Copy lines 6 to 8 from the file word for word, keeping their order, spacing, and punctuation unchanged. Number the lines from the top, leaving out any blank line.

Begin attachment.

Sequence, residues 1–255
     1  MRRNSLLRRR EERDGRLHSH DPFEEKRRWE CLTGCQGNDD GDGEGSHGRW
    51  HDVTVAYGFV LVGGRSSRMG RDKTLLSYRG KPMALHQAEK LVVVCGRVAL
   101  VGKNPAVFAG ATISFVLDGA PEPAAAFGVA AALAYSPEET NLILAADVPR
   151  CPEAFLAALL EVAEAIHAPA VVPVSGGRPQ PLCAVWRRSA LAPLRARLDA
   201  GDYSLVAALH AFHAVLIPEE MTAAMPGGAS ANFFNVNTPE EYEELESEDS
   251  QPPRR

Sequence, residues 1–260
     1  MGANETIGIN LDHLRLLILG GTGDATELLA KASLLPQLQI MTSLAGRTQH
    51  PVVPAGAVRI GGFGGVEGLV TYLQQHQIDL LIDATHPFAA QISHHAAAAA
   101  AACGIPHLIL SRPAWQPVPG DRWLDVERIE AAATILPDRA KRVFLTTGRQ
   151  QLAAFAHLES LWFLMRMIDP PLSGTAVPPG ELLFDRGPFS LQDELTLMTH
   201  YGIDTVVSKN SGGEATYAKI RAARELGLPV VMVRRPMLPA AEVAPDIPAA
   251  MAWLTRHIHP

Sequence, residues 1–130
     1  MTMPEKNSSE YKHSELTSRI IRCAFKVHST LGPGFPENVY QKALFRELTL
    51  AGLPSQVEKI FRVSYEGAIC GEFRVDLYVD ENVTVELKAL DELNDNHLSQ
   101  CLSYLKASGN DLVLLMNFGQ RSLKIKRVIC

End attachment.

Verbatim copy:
   201  GDYSLVAALH AFHAVLIPEE MTAAMPGGAS ANFFNVNTPE EYEELESEDS
   251  QPPRR

Sequence, residues 1–260